Class: _______

Instructions: What did you learn about copyright after listening and reading? What questions do you have now about copyright?

What We Learned about Copyright

Questions we Have about Copyright

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SECTION 2: THE COST OF COPYRIGHT CONFUSION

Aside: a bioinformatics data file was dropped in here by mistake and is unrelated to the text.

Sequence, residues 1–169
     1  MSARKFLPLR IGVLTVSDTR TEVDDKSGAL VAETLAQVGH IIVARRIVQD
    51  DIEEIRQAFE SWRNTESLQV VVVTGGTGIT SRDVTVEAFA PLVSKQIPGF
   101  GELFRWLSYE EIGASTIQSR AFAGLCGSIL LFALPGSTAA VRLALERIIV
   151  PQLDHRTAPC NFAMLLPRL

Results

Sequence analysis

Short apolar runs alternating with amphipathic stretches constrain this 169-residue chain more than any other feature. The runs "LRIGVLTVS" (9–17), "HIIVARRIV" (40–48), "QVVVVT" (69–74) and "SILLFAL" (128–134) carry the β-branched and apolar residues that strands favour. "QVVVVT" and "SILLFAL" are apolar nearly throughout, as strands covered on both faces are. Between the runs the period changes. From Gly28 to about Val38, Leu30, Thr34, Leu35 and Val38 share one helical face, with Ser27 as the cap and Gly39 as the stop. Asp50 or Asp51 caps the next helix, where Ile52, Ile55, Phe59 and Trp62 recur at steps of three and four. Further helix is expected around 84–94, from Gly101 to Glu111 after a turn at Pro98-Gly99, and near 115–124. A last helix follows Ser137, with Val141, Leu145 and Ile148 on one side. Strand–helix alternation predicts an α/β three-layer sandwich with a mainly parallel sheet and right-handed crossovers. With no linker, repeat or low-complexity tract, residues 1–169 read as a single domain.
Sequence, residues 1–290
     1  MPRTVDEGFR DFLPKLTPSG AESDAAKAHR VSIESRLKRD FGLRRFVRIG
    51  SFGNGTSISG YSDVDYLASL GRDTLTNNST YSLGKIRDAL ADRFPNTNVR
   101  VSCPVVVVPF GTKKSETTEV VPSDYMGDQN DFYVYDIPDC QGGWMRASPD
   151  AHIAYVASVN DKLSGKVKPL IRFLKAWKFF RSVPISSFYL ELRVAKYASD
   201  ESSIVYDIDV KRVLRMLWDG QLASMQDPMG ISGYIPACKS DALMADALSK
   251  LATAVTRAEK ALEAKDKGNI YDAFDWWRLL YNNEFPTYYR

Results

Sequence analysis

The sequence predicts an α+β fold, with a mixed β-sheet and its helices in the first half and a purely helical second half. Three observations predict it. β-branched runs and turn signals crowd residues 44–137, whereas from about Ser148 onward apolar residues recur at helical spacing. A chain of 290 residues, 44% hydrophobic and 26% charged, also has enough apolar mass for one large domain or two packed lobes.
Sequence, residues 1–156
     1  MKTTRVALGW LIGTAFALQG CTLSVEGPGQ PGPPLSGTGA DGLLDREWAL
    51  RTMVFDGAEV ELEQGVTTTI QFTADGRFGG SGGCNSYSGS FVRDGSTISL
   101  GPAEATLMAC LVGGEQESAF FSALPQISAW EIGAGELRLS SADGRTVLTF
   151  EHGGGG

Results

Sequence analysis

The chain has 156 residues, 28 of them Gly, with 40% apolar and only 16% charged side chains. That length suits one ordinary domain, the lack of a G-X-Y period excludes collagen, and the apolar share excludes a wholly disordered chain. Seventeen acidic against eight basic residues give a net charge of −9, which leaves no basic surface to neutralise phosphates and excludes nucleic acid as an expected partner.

Learning Objectives Students will understand: how lack of knowledge about copyright and fair use negatively affect teaching and learning why the many different educational use guidelines do not have the force of law and how they interfere with educators genuine understanding of fair use Materials Video: The Cost of Copyright Confusion, available at www.mediaeducationlab.com Document: The Cost of Copyright Confusion, available at www.mediaeducationlab.com Copies of the reading selection Readings Reading (A): Educational Use Guidelines FAQ, pages 15 -16 A summary and critique of the educational use guidelines in relation to the doctrine of fair use Reading (B): The Cost of Copyright Confusion This report explains the current state of understanding about copyright and fair use among educators and the misinformation sometimes passed on to students. Reading (C): Crews, K.D. (2001). The law of fair use and the illusion of fair-use guidelines. The Ohio State Law Journal, 62, 602-700. Available at: http://moritzlaw.osu.edu/lawjournal/issues/volume62/number2/crews.pdf Educational use guidelines which are negotiated agreements between media companies and educational groups-- have come to be misinterpreted as law, creating problems for educators and students alike. Reading (C): McGeveran, W. & Fisher, W.W. (2006, August). The digital learning challenge: Obstacles to educational uses of copyrighted material in the digital age. Berkman Center Research Publication No. 2006-09. Available at: http://cyber.law.harvard.edu/media/files/copyrightandeducation.html This white paper provides a detailed overview of the challenges of faced by digital learning and education which relate to copyright and other legal issues.